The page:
The longest duration of 180 seconds removed the the largest amount of plaque. The inter comparison between pre and post brushing plaque index between 30 and 180 seconds showed a p value of <0.0001.

Table 1.

Table 2. Difference between pre and post brushing plaque index.


In this study Colgate 360° whole mouth clean tooth brush and Colgate total tooth paste were used .No effort was made to modify the brushing habits of the subjects. Tooth brushing was done under supervison for the stipulated time periods.The results of the study clearly shows that brushing time is an important determinant in plaque removal. A comparison between brushing time for 45 seconds, an estimate of the average brushing time employed by individuals [7] and 120 seconds being a consensus minimum brushing time recommended by oral health professionals [8] showed statistically significant difference (p value <0.0001)which is in accordance with studies conducted by Hawkins et al., [9]. The comparison between brushing times of 120 and 180 seconds showed significant reduction of plaque index (p value <0.0001).

Klukowska et al., [10] showed no evidence of increased plaque removal beyond 1 minute, where as in this study plaque reduction was seen consistent with increased brushing duration except between 30 and 45 seconds. The use of dentifrice during tooth brushing is still controversial with many studies supporting the use [11] and some against the use [12] Future studies may be carried out to compare the effects of brushing for longer durations and split mouth techniques.


The results of this study emphasise the need for advising the patients about the duration of brushing time required for plaque removal, Results clearly shift towards an increase in plaque removal with increased brushing duration.


  1. MacGregor ID (1984) Tooth-brushing efficiency in smokers and nonsmokers. J Clin Perio. 11(5): 313-320.
  2. McCracken GI, Janssen J, Swan M, Steen N, de Jager M, Heasman PA (2003) Effect of brushing force and time on plaque removal using a powered toothbrush. J Clin Periodontol. 30(5): 409-413.
  3. Van der Weijden GA, Timmerman MF, Nijboer A, LieMA, Van der Velden U (1993) A comparative study of electric toothbrushes for the effectiveness of plaque removal in relation to tooth-brushing duration. J Clin Periodontol. 20(7): 476-81.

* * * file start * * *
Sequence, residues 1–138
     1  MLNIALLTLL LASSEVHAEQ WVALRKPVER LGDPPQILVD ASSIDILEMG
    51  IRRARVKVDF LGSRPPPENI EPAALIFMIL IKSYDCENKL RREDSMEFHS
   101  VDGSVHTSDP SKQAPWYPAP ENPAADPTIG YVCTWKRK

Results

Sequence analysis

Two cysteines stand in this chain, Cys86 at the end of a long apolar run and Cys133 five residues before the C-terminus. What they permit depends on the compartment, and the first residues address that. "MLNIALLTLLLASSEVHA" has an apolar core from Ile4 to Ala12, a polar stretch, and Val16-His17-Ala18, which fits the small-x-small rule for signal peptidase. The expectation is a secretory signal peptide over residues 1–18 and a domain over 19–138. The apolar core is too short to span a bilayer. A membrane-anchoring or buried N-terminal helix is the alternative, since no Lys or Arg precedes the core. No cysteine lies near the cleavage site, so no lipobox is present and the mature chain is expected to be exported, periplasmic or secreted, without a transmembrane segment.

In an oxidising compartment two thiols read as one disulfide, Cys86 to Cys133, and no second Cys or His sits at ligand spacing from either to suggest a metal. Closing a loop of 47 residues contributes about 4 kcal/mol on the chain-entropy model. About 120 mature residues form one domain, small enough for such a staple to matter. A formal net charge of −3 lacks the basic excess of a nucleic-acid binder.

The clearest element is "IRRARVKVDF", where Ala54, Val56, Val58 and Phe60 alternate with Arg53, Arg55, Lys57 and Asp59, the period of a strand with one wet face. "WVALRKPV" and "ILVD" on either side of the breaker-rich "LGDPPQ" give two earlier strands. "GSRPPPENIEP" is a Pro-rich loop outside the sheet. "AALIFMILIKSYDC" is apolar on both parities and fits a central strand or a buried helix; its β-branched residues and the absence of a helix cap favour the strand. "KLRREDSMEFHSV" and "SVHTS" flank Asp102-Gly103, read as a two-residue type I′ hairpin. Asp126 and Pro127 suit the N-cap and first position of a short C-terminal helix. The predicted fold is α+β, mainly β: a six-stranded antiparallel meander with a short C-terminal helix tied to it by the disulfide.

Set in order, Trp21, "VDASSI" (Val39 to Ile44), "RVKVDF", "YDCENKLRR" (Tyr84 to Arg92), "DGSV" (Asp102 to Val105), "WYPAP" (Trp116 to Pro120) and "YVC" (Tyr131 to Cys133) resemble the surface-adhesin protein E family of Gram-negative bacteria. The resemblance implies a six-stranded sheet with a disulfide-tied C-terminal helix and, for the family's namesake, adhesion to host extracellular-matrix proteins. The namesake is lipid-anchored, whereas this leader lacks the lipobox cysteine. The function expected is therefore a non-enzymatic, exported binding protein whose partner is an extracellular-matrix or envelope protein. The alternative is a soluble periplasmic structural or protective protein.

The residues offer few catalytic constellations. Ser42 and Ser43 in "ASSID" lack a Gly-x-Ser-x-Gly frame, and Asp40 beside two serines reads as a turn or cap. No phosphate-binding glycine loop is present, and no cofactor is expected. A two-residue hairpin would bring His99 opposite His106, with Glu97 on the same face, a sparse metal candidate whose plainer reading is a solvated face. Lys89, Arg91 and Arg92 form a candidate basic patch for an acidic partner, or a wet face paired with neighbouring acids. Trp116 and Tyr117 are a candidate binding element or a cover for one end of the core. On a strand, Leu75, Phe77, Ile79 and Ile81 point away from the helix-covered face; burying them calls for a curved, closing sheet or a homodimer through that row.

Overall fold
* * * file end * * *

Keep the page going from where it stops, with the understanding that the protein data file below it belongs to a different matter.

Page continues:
4. Turesky S, Gilmore ND, Glickman I (1970) Reduced plaque formation by the chloromethyl analogue of vitamin C. J Periodontol. 41(1): 41-43.
  5. Quigley G, Hein J (1962) Comparative cleansing efficacy of manual and power brushing. J Am Dent Assoc. 65: 26-29.
  6. Gibson JA,Wade AB (1977) Plaque removal by bass and roll brushing techniques. J Periodontol. 48(8): 456-9.
  7. Beals D, Ngo T, Feng Y, Cook D, Grau DG, Weber DA (2000) Development and laboratory evaluation of a new toothbrush with a novel brush head design. Am J Dent. 13: 5A-13A.
  8. Creeth JE, Gallagher A, Sowinski J, Bowman J, Barrett K, et al., (2009) The effect of brushing time and dentifrice on dental plaque removal in vivo. J Dent Hyg. 83(3): 111-6.
  9. Hawkins BF, Kohout FJ, Lainson PA, Heckert A (1986) Duration of brushing for effective plaque control. Quintessence Int. 17(6): 361-365.
  10. Klukowska M, White DJ, Barker ML (2008) Effect of Brushing Time on Plaque Removal with Manual Tooth-brushing. JDent Res 87: 1008.
  11. Eid MA, Talic YF (1991) A clinical trial on the effectiveness of professional tooth-brushing using dentifrice and water.Odontostomatol Trop. 14(2):9- 12.
  12. Parizotto SP, Rodrigues CR, Singer Jda M, Sef HC (2003) Effectiveness of low-cost toothbrushes, with or without dentifrice, in the removal of plaque by deciduous teeth. Pesqui Odontol Bras. 17(1): 17-23.

         Indexed in

pubhub   CGS   indexcoop   j-gate   DOAJ   Google_Scholar_logo

       Total Visitors

SciDoc Counter

Get in Touch

SciDoc Publishers
16192 Coastal Highway
Lewes, Delaware 19958
Tel :+1-(302)-703-1005
Fax :+1-(302)-351-7355

Creative Commons License
SciDoc Publishers is licensed under a Creative Commons Attribution 4.0 International License.